Mullen Discusses "Dissappointing" Day's Work

He hasn't seen a lot of what could be called ‘bad' days yet. So maybe Dan Mullen has gotten a little spoiled. Or, more likely, he's set the 2014 spring bar a little higher than before; and anything short of his raised standards leads to…well, let the head coach call it.

"I was kind of disappointed," said Mullen following Thursday's practice. The session, #10 of the spring season, was held on a different spot than usual as the Bulldogs worked on the eastern-most field. This ought not have mattered to anyone, except perhaps the Florida tennis team that had some of its court-one practices interrupted by placekicks clearing the fence.

What mattered to Mullen was, again in his own word, the "sloppy" nature of some periods. This might still have reflected more the increased expectations of a Mississippi State squad that has done satisfactory work up to now. And, the veteran nature of this spring's squad in all areas.

Following the session Mullen took questions with responses following, including one way-too-early question about next week's spring game from, of course, a TV sportscaster who overlooked that there is a Saturday scrimmage to be played out first at Scott Field (11:00am).

What was your overall opinion of today? "To me I was kind of disappointed, a sloppy practice today. Installation is pretty much over so there are a lot of guys, to me, especially young guys who have to understand how serious it is if they want to get on the field and go play. Older guys, you see them go execute and do things."

"But the young guys have got to understand the time commitment that they have to put in on their own. We only get 15 practices out here and the time they have to put in on their own to know what they're doing when they get out here. The extra studying. They can't just show up here and expect to learn everything at practice and then hey, we'll see you two days from now or I'll see you tomorrow at the meeting, I spent my time in the meeting and go home and not do the extra things. So there's the little mental errors that disappointed me at this point with a lot of young guys."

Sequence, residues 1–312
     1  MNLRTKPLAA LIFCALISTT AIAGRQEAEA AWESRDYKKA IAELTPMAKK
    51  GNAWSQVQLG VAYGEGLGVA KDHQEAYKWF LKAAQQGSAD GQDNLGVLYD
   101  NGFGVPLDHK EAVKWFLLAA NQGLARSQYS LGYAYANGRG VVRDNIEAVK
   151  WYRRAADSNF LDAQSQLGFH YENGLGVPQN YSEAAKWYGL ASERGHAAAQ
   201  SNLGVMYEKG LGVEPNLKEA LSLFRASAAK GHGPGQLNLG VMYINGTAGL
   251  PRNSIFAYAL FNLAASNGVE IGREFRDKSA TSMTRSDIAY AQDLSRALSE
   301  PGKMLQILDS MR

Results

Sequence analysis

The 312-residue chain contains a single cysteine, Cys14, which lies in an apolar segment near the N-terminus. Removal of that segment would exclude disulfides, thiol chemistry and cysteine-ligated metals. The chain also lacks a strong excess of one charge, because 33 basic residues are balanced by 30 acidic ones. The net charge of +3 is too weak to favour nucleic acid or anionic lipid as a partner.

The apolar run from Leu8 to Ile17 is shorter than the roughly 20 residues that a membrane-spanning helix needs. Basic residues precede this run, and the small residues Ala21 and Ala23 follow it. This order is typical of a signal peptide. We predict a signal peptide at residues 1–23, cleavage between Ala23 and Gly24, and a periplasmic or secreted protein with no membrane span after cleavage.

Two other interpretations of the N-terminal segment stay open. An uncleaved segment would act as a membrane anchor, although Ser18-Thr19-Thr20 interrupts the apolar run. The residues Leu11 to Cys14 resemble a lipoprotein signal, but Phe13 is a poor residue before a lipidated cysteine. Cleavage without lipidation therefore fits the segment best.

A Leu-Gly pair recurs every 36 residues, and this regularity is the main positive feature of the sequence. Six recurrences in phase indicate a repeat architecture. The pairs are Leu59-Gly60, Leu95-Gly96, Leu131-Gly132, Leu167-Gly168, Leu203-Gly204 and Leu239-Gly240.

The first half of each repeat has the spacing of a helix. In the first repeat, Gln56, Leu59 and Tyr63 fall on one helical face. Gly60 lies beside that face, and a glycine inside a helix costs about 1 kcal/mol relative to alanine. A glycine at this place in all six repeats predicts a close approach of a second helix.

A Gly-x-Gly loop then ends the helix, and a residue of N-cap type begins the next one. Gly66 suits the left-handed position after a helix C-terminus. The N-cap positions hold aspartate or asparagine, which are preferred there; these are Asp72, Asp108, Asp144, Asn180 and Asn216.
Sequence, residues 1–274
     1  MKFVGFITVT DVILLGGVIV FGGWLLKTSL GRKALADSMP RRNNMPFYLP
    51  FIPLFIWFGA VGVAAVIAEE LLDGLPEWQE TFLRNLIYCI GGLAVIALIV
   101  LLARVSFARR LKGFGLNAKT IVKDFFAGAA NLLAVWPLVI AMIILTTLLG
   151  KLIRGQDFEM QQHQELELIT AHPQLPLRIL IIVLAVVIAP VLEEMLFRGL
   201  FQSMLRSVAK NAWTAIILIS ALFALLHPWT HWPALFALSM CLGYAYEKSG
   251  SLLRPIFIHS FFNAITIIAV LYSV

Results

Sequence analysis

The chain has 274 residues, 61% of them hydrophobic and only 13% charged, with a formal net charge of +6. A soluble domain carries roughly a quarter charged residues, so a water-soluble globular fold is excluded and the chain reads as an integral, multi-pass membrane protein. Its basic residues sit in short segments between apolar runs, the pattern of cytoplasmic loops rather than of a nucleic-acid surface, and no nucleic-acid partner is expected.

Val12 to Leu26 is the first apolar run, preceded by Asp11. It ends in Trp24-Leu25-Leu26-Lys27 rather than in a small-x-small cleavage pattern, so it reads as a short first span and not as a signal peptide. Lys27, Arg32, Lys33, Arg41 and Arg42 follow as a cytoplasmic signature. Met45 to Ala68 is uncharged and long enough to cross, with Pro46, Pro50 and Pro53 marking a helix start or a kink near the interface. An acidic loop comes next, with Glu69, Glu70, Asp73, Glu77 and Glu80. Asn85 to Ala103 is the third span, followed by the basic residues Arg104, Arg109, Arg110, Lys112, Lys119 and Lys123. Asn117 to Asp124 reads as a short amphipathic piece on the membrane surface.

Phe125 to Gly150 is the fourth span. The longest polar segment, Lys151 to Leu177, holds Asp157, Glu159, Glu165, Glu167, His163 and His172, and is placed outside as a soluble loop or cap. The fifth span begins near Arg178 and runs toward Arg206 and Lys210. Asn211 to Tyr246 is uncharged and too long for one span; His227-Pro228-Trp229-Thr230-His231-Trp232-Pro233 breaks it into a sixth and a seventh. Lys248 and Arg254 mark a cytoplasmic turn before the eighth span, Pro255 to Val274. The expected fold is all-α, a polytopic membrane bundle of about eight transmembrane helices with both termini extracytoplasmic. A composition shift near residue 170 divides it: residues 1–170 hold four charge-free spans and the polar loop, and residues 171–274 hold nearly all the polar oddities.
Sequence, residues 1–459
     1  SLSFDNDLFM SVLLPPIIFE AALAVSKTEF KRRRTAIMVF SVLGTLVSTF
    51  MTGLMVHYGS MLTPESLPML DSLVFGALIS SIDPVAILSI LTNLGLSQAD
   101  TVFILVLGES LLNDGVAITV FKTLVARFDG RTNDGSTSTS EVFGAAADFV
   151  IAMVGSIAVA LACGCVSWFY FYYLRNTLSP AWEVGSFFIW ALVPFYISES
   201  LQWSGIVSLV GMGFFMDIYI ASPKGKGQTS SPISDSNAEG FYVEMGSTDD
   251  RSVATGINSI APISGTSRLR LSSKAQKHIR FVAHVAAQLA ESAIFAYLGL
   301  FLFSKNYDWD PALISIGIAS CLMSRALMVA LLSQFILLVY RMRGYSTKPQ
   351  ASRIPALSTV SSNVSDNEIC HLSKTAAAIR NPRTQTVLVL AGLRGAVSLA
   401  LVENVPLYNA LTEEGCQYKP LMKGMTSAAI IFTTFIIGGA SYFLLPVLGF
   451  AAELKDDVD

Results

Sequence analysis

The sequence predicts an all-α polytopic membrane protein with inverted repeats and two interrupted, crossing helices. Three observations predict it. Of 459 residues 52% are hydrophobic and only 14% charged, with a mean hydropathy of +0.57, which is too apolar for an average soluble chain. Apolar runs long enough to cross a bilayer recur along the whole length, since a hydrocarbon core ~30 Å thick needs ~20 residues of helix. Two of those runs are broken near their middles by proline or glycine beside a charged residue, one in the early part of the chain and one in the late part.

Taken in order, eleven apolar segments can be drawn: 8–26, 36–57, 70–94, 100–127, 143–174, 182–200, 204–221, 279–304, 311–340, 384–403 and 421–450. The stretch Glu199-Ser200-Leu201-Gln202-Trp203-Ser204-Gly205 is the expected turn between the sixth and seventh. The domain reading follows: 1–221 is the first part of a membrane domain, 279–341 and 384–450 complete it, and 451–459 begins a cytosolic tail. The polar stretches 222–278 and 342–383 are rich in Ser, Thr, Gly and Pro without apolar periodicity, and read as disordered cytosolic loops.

Joe Morrow seemed to have a good day with three touchdowns? "Well, I see drops. I saw him drop two though. I don't always notice the good, I'm looking at the stuff we have to fix."

"He did OK, I mean he made some plays. Here's the thing, if you have opportunities to go make plays you have to make them. And that's really going to determine how much you play next year. We talk about that, everybody out here. There's a lot of guys that have already made plays in games. So a lot of times you don't see us put them in situations. Scrimmages, who wins, who loses, guys do stuff…I don't know in the end how real it is or what an indication it is. Because you're really looking to accomplish or put guys in situations to see if they're ready to go make the play. So I guess if he had three touchdowns that's pretty good; in my mind he should have five then!"

Expectations are high for the receivers and cornerbacks since they're veterans? "Absolutely. You know, one of the things though that is hard here is, as a coach you want to see really well-executed football. I mean that is what you want to see. Again, you talk like who wins or who does what; what you want is to see clean execution. And that should be a great battle, receivers and corners both with a lot of experience and opportunities to come out here and showcase what they can do. It shouldn't be having to make tons of corrections, they should know what they're doing. They should be getting better at doing it every single practice."

There was a lot of red zone and two minute work, is this the time of camp to do that? "Well it was. Today we put two-minute in for the first time. Red zone we've had in and wanted to kind of review that for the scrimmage Saturday, get another day at it. But a lot of good situational teaching out here on the field today, a bunch of mistakes made."